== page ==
By Ryan Glasspiegel
October 02, 2013


Partial Dodgers owner Magic Johnson went on The Tonight Show with Jay Leno on Monday night. After discussing the Dodgers' pool celebration and his inability to swim, Magic was presented with a custom blue speedo that read "Dodgers" on the back and "Johnson" on the front (get it?).

Apparently this double entendre was about the funniest thing Magic Johnson had ever seen, and he responded by promising to wear the Speedo if the Dodgers win the World Series. If Puig and co. do come through, Magic would be the latest to perform an act that has historically been forced upon losers of wagers, as opposed to champions:


Dennis Hallman, August 2011


What were the stakes? Though Hallman declined to elaborate on the specific nature of the bet that compelled him to wear a Speedo at UFC 133, the final act was, nonetheless, the same. Hallman's opponent in the fight, Brian Ebersole, received a $70,000 bonus from Dana White for knocking Hallman out in the first round and "getting those horrifying shorts off TV as soon as possible." The next day, White would ban UFC fighters from wearing Speedos altogether.


Maria Menounos, February 2012

maria menounosWhat were the stakes? After confidently proclaiming that the Patriots would beat the Giants in Super Bowl XLVI and that she would wear a bikini in Times Square if they did not, the Extra host made good on her promise.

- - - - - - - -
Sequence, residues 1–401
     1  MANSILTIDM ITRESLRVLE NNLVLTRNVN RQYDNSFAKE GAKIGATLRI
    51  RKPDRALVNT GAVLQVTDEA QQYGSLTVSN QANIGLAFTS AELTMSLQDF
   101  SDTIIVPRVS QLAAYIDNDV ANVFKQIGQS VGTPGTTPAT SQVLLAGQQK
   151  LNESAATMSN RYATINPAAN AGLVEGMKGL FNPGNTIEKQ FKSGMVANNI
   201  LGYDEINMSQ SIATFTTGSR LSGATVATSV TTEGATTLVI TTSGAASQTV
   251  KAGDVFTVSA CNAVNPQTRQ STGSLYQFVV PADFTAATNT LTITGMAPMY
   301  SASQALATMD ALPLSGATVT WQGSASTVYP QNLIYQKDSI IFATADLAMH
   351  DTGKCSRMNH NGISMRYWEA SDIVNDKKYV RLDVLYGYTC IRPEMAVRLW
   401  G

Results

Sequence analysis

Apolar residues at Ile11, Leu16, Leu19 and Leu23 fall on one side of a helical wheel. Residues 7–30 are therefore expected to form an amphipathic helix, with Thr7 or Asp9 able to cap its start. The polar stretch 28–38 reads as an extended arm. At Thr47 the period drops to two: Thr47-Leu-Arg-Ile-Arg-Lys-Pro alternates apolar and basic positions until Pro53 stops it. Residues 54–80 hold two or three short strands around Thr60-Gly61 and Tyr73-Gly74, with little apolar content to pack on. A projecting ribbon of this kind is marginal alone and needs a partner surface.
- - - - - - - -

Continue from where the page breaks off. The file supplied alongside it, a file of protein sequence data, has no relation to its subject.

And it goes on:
"Sorry about your loss," her co-host Mario Lopez said, sarcastically, before asking how she was feeling. "I'm in Times Square in the middle of winter in a bikini, Mario."

So, uh, not great.em-linebreak_cut_v11

Dan Le Batard, June 2012


What were the stakes? In June 2011, Le Batard made a bet on his Miami radio show with Charles Barkley that the Heat would beat the Mavericks in the NBA Finals. Though it took about a year, Le Batard finally paid up.

“I’m more excited for this than I am for the Heat to win a championship,” said Le Batard's co-host Jon "Stugotz" Weiner. As expected, the results were horrifying.


Michael Salazar, February 2013


What were the stakes? Salazar, the Cleveland Indians' trainer, had wagered with the team's strength and conditioning coach, Joe Kessler, on this past BCS Championship game, making the regrettable mistake of backing Notre Dame over Alabama. The first rule of college football is you do not bet against Nick Saban.

em-linebreak_cut_v11Jaxson DeVille, September 2013


What were the stakes? The Jaguars mascot has had a rough go of it this season. After challenging Seattle's mascot, Blitz, in a wager in which the losing team's mascot would rock a Speedo and do the Wobble, Jaxson was undeterred the following week as his team prepared to play the Colts:

promises payback in Week 17

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